Show Sidebar Hide Sidebar

Click Events in Python

Click Events With FigureWidget

New to Plotly?

Plotly's Python library is free and open source! Get started by downloading the client and reading the primer.
You can set up Plotly to work in online or offline mode, or in jupyter notebooks.
We also have a quick-reference cheatsheet (new!) to help you get started!

Update Points Using a Click Callback

In [ ]:
import plotly.graph_objs as go

import numpy as np

x = np.random.rand(100)
y = np.random.rand(100)

f = go.FigureWidget([go.Scatter(x=x, y=y, mode='markers')])

scatter =[0]
colors = ['#a3a7e4'] * 100
scatter.marker.color = colors
scatter.marker.size = [10] * 100
f.layout.hovermode = 'closest'

# create our callback function
def update_point(trace, points, selector):
    c = list(scatter.marker.color)
    s = list(scatter.marker.size)
    for i in points.point_inds:
        c[i] = '#bae2be'
        s[i] = 20
        scatter.marker.color = c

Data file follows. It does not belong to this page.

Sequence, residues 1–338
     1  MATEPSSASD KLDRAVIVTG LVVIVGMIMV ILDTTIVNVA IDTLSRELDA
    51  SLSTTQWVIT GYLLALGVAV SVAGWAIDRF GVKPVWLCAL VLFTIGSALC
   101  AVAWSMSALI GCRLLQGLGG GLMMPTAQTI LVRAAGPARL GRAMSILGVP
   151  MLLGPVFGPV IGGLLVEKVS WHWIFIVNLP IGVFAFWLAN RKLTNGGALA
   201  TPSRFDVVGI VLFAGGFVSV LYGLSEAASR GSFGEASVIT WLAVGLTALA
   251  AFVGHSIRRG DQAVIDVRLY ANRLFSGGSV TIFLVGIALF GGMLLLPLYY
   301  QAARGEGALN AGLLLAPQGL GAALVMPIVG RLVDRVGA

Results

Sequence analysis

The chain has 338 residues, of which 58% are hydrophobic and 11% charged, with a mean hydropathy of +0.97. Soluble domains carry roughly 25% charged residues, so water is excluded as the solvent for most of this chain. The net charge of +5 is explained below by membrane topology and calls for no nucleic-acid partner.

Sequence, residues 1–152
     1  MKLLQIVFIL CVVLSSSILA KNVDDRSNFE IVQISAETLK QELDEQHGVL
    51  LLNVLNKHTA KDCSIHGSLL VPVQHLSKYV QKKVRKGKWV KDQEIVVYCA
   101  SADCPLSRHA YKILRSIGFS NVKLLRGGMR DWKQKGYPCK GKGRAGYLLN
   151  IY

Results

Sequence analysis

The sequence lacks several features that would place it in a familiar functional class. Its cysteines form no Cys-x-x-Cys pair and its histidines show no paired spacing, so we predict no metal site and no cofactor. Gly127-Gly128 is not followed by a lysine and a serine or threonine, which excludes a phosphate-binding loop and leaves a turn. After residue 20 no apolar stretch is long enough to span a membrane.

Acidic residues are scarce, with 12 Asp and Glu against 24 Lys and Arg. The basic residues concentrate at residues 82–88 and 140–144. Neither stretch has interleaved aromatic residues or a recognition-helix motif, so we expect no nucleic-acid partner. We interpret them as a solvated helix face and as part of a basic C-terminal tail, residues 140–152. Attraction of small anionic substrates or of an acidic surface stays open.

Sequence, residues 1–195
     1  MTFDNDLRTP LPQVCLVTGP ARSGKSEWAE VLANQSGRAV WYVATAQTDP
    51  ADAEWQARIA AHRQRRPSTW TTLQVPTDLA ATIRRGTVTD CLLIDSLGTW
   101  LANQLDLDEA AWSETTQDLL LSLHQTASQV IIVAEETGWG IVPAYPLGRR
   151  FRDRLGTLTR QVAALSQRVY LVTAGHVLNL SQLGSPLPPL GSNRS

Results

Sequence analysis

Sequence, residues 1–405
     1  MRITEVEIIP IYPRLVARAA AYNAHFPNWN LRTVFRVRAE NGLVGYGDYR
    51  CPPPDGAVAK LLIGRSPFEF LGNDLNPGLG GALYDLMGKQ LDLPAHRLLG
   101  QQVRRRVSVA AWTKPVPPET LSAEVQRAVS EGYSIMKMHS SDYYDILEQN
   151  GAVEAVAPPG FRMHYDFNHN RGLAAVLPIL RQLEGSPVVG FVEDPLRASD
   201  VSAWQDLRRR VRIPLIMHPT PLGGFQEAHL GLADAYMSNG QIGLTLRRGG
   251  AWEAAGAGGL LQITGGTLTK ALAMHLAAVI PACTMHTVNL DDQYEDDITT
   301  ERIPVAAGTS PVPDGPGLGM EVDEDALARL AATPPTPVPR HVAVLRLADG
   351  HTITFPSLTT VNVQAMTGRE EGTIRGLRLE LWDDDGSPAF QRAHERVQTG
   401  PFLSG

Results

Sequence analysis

scatter.marker.size = s




See these Jupyter notebooks for even more FigureWidget examples.

In [3]:
Help on method on_click in module plotly.basedatatypes:

on_click(self, callback, append=False) method of plotly.graph_objs._scatter.Scatter instance
    Register function to be called when the user clicks on one or more
    points in this trace.
    Note: Callbacks will only be triggered when the trace belongs to a
    instance of plotly.graph_objs.FigureWidget and it is displayed in an
    ipywidget context. Callbacks will not be triggered on figures
    that are displayed using plot/iplot.
        Callable function that accepts 3 arguments
        - this trace
        - plotly.callbacks.Points object
        - plotly.callbacks.InputDeviceState object
    append : bool
        If False (the default), this callback replaces any previously
        defined on_click callbacks for this trace. If True,
        this callback is appended to the list of any previously defined
    >>> from plotly.callbacks import Points, InputDeviceState
    >>> points, state = Points(), InputDeviceState()
    >>> def click_fn(trace, points, state):
    ...     inds = points.point_inds
    ...     # Do something
    >>> trace.on_click(click_fn)
    Note: The creation of the `points` and `state` objects is optional,
    it's simply a convenience to help the text editor perform completion
    on the arguments inside `click_fn`